There was trouble ahead in the purchasing line of my neighborhood Borders Books. You know the scenario; you can smell it even before you see it – a single cashier, drowning in a stack of receipts as the concerned-but-clueless customer looks on, mumbling, “No, that’s not it, not that either, no, no, maybe this? no, not yet…”

To pass the time, I browsed the stacks of special books at the front of the store, those prim and prissy hardcovers with their own display tables, those glamorous, oddly-themed (“pre-holiday?”), diorama-ed books that lavishly crack their fat spines as they lounge in clear view of everyone in the store. Sure, books like Ben Fountain’s stunning Brief Encounters with Che Guevara, winner of the PEN/Hemingway award for best first fiction amongst its slew of other accolades, languish in the dusty grotesqueness of the literature stacks, and the whores of the book world – glossy almanacs, kitty calendars, golf how-to’s – tart up the snaking line to the cash register, but it’s the displayed books at the front of the store that always keenly ensnare the customer’s attention.

And what timeless treasure do I find at the first-and-foremost display? Going Rogue, of course, the opening volume in the Sarah Palin oeuvre. I’ll admit it – I leafed through it longer than I ever thought I would. I did, however, feel it necessary to roll my eyes frequently, offer derisive snorts on a consistent basis and turn the pages with a dismissive flick of my wrist just to ensure that no one watching me would ever mistake me for a possible (“pre-holiday?”) purchaser of the book.

Here, I should offer some pithy-yet-substantive review of the book to support my dickish tone. ’Fraid not.

I’m not going to review this book because, one, I have dignity, and two, even reading a fair few pages, I have absolutely no idea what it’s about, save for the fact that John McCain, in a desperate attempt to pop the Obama balloon rising fast out of the air above Invesco Field in Denver last August, chose the governor of Alaska as his running mate. It’s like writing a book about winning the lottery, which I admit might be an interesting read on the underside of a Snapple lid or scrawled into a bathroom wall when you’re, yes, stuck, but to have your own display at this Borders, at every Borders, at every bookstore – both online and physical – in the country?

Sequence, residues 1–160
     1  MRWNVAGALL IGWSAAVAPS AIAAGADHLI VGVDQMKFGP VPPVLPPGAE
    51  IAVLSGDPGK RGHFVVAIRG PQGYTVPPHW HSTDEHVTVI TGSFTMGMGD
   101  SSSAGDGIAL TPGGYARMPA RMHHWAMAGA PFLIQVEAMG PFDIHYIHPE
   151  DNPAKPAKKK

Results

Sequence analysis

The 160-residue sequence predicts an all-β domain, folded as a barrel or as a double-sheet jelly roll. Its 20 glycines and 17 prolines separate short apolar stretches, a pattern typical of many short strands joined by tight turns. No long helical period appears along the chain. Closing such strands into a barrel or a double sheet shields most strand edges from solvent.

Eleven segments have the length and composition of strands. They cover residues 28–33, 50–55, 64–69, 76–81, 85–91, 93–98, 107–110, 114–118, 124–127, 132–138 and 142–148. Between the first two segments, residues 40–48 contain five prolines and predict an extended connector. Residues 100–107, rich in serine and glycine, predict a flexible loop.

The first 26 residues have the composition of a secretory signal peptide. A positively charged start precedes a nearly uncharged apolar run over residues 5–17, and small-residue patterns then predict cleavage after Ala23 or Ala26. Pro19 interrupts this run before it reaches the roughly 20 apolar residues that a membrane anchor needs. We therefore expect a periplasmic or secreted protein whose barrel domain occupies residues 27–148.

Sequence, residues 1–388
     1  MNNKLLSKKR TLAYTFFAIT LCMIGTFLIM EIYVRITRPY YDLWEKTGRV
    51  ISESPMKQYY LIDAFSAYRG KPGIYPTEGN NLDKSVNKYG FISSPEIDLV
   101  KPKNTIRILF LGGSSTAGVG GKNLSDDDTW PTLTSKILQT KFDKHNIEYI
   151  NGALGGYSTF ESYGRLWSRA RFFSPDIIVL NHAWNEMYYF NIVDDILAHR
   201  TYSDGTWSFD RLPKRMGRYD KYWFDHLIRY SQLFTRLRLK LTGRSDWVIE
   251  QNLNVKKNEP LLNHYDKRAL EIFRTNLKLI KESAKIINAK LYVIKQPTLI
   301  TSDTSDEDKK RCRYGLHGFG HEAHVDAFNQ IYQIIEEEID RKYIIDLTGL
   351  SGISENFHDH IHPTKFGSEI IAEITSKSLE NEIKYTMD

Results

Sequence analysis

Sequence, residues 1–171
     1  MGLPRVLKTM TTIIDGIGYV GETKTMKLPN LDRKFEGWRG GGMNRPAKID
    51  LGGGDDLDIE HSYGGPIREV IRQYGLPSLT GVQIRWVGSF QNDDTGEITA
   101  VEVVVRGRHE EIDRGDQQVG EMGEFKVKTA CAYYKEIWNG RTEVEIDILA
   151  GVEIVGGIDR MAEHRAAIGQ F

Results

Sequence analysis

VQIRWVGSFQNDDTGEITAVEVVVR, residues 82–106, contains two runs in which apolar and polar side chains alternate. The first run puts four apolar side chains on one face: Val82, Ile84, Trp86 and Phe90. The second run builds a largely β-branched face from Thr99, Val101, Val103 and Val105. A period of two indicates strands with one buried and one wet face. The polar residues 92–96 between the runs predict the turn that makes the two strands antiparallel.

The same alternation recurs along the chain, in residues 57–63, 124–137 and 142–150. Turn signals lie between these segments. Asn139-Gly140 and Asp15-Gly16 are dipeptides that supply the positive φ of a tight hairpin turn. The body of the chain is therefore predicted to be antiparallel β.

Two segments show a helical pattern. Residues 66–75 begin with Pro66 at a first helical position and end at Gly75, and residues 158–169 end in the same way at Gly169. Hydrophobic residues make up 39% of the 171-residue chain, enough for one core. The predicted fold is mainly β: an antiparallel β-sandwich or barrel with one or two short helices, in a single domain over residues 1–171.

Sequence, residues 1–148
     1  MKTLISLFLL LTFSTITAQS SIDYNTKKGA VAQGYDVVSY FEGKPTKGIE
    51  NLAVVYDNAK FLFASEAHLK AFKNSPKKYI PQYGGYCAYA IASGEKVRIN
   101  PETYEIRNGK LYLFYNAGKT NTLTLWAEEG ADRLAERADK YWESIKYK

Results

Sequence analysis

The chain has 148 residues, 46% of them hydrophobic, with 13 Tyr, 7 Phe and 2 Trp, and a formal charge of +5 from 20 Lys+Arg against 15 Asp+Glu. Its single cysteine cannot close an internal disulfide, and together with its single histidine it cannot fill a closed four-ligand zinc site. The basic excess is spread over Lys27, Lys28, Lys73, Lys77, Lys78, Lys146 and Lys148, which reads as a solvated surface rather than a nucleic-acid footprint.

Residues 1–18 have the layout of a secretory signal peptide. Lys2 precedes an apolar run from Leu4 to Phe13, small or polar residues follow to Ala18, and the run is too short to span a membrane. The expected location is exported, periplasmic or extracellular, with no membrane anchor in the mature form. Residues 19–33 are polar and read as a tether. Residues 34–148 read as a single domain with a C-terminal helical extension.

I’ll give Palin credit – she was mayor of Wasilla, and she did win a gubernatorial election – but when you say thanks-but-no-thanks to filling out the remainder of your term running the state of Alaska and you instead come out with a book and a bus tour to promote said book, I am forced to rescind any credit I may have previously offered, and we’re back to square one: an old guy grabbed her and convinced her to show up at rallies with him; she gave a series of horrifyingly inept interviews on every media outlet possible except Fox News, where she shone with the radiance of the Northern Lights and her policy influence is now limited to using her Facebook page to make up lies about people, places and things (“death panels,” anyone?).

In short, she’s me.

Or you. Or Earl Cubbins. Or Nancy DeAmbriosio. Americans all. We should all have books. At least Earl’s son Truedeau, who just took 15th place in the unofficial hot dog eating contest at school. I’d read about Truedeau.

But I, for one, cannot write a book about my life that would warrant the front display at Borders. I can’t write about an old guy grabbing me due to matters currently under adjudication, I refuse to appear on networks with people who will doubtless be witnesses for the defense in the Hague and my New Year’s Resolution every year is to be less snarky on Facebook when the screen is too blurry to read.

But maybe that’s just me. Maybe Going Rogue will win this year’s Pen/Hemingway for best first fiction. Maybe it deserves the shine its cover glints off the warm lights at the front of the store.

When the catastrophe in the check out line was finally over, I put down Palin’s tome.

“Don’t put it down,” a man behind me advised, rubbing snow off his shoulders though it wasn’t snowing. “That book changed my life. You should buy two, one for the little missus.”

I took his advice, burned mine and mailed a copy off to Margaret Thatcher, that saucy minx.